Students in the United Kingdom have therefore normally had thirteen years of full-time education before entering university. This is one year more than most American high school students have on entering an American college. 

Admission to universities in the United Kingdom is competitive and around 35% of the age group normally expect to go on to higher education. Universities in Britain are autonomous bodies, empowered under their Charters or other acts of incorporation to award their own degrees. Undergraduate degrees in the United Kingdom normally take three years – one year less than most Bachelor degree schemes in the United States.

City and Guilds
City and Guilds is an assessment and certification body which operates across a broad range of work-related qualifications, including subjects as diverse as vehicle servicing and repair, catering and hospitality, information technology, health and social care, communication skills and numeracy.

Bachelors degree can be obtained after 3 years of education. In some cases it takes more time such as 6 years as in the case of medicine. Students who are not having the necessary qualification usually undergoes a foundation year. It involves formal lectures and seminar programs and the assessment is through examinations. At the successful completion of Bachelors students are awarded BA, BSc, etc according to the nature of their course. For securing admission you have apply through UCAS. Sandwich Bachelors incorporates industrial work experience for 3 to 12 months during their course work. Successful completion can be lead to direct admission to Masters.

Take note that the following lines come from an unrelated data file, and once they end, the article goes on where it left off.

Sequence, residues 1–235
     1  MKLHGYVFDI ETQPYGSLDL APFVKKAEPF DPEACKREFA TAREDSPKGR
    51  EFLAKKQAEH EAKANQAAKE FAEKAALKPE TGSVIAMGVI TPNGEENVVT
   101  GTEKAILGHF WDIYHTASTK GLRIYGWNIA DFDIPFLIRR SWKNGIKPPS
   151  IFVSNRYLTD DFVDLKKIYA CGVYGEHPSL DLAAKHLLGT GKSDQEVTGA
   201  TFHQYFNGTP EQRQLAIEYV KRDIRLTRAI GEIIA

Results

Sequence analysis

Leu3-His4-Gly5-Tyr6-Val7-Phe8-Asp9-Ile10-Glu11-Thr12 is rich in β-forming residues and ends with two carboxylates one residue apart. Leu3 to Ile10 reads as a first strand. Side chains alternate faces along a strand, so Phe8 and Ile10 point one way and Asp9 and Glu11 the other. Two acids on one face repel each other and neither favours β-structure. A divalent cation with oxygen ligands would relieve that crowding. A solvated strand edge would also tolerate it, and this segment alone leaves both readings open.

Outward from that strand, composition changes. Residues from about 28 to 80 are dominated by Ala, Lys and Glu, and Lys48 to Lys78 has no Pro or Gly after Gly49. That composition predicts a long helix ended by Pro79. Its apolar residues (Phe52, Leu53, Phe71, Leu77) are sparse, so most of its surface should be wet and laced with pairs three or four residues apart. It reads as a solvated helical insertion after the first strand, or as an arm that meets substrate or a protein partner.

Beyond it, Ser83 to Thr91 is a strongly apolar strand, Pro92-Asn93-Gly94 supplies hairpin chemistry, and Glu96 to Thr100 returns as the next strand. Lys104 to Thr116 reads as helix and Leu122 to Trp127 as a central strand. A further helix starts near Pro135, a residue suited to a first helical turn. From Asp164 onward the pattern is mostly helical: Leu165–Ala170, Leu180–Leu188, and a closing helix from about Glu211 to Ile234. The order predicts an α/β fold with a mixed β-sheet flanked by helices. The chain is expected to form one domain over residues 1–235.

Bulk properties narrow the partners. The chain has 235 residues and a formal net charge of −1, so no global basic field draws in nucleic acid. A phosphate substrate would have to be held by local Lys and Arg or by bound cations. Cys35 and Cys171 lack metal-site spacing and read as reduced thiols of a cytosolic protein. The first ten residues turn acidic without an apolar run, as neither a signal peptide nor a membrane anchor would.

Postgraduate courses are usually taken once you already have an undergraduate degree. Taught masters degrees (MA, MBA, MSc) which may involve attendance at classes, followed by written exams, usually take one year. Research degrees (MPhil and PhD) involving independent research and the submission of a thesis, will take up to three years or more.

PhD can be achieved by three years full time study. The final thesis should satisfy the length, depth, originality and significance as required. PhD is the highest award conferred by the university. It is a research degree and the candidates have to submit a thesis of their work. Minimum duration for this award is 3 years though relaxed timeframe is possible in some extraordinary cases.


Click Here to Return to Top of Page